Latest in Gear

Image credit:

Who needs a 6-inch touchscreen Windows desktop?

Ockel's Sirius A and Sirius A Pro are a hit on Indiegogo, but that's about it.
856 Shares
Share
Tweet
Share
Save

Dutch startup Ockel believes that what the world needs right now is a 6-inch Windows 10 desktop PC that's also kind of a tablet. Ish. The nonfunctioning prototype was on show at CES, with final models expected to reach Indiegogo backers in May. Which give us a few months to wonder what exactly we'd ever use it for.

Gallery: Ockel Sirius A | 4 Photos

Ockel made a name for itself building credit card-size PCs for people who wanted to take their desktop with them wherever they went. The Sirius B (and its pro-edition brother) were both hits, prompting the company to build a version that you could use on the go. That product was the Sirius A, a wedge-shape device with eight regular-sized ports at the back and a touchscreen up top.

Both versions are pitched as full-bodied desktops that you can happen to use in motion, with full-size USB (and also USB-C) ports, HDMI output, a DisplayPort and even an Ethernet jack. The vanilla edition will run Windows Home and ships with 4GB RAM/64GB Storage while the Pro version runs Windows Pro and packs 8GB RAM/128GB storage. Both, however, will use the same Intel Atom x7-Z8750 processor. The company won't get specific on the battery size, but it's claiming runtime of up to four hours on a charge.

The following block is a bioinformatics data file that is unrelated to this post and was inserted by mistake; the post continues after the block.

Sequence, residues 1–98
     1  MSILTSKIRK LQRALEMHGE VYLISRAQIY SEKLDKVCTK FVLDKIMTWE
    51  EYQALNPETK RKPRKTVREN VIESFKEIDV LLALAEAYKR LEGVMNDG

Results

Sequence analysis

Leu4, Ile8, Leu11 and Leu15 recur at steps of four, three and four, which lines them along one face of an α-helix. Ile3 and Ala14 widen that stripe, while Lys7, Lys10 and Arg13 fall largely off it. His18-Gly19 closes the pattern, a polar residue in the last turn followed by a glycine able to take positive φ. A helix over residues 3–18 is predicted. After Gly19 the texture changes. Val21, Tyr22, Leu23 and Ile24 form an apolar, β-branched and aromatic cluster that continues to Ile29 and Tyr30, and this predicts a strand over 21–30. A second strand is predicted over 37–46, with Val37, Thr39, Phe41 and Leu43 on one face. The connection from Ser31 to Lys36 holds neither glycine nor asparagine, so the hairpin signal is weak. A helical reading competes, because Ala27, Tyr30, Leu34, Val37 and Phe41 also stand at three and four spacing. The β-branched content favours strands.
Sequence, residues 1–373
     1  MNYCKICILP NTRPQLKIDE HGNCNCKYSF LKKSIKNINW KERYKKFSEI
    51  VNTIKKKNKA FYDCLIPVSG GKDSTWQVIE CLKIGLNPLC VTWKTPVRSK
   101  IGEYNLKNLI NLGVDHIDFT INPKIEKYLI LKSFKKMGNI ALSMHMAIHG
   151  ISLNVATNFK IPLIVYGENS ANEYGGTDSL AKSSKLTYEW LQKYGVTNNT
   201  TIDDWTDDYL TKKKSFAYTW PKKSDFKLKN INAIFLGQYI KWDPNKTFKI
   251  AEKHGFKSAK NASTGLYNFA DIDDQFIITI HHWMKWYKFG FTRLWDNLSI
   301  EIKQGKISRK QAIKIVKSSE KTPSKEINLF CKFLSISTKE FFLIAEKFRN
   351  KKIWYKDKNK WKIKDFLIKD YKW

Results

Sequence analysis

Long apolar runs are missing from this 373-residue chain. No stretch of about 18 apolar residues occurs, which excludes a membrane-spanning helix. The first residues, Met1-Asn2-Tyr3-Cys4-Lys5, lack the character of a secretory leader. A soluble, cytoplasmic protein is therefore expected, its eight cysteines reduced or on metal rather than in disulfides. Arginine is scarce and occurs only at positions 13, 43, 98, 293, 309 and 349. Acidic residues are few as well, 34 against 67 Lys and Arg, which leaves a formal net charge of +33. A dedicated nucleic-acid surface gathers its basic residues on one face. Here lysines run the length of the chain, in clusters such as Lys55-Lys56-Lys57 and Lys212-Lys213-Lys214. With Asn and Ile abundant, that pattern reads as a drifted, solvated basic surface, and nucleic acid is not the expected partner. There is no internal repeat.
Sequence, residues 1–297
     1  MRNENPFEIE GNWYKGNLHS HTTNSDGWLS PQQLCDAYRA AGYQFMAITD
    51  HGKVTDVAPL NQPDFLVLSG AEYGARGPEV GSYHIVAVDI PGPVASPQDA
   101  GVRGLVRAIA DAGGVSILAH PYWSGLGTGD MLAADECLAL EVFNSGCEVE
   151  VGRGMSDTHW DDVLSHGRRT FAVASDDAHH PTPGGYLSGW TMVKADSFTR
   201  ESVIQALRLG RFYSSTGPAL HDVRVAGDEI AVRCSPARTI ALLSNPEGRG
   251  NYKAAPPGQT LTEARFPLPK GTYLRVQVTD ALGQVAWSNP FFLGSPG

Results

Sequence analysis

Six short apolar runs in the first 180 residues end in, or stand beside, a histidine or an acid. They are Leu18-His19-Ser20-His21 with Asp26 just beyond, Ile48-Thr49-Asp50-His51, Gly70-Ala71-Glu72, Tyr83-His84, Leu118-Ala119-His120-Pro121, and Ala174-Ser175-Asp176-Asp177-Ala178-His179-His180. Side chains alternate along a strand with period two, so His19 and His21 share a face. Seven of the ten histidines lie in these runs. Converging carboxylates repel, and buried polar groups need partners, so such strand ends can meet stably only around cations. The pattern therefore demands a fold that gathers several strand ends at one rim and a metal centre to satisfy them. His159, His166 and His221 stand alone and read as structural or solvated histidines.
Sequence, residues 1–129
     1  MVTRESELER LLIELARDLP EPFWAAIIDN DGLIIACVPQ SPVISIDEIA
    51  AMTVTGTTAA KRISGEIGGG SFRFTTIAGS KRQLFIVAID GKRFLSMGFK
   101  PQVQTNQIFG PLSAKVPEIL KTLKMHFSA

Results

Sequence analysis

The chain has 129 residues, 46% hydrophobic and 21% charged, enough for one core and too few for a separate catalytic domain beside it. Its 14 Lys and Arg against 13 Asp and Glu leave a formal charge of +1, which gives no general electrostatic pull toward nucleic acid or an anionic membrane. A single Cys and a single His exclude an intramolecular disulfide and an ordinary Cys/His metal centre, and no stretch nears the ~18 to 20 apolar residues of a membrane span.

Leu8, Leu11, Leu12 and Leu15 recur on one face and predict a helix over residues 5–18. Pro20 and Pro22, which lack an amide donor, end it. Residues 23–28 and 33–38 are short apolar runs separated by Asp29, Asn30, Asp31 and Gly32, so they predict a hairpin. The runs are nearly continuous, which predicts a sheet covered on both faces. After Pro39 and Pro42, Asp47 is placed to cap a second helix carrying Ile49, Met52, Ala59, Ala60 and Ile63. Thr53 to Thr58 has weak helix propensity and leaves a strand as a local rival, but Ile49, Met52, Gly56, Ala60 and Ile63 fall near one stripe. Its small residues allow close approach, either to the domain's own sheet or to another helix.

As Ockel's marketing director Nathalie van Wijkvliet explains, the idea was to create a desktop that you could take with you and use, should the need arise. She said that "it's not a smartphone, not a tablet and not a PC," but an amalgamation of the three. It's hoped that the device will be used by doctors on their rounds in a hospital and as a more elegant remote control for a smart home.

That's great, except for the fact that the Ockel Sirius A will retail for $700 (the "Regular" version) or $800 ("Pro") and also: Have you heard of these things called laptops? If you want a desktop you can take with you, then you can pick one of those up for a lot less than $700. If you want a portable computing device that's a little less demanding that can also double as a smart home control, then grab a $200 Android tablet.

This device reminds me a little of the Neptune Pine, another crowdfunding success that looked great on paper and wasn't great in reality. The notion of having a slightly shrunk-down smartphone on your wrist was great in theory, but... not so much in use. I'm sure a small subset of people will find a reason to love it but everyone else should probably steer clear.

Nick Summers contributed to this post.

Click here to catch up on the latest news from CES 2017.

From around the web

ear iconeye icontext filevr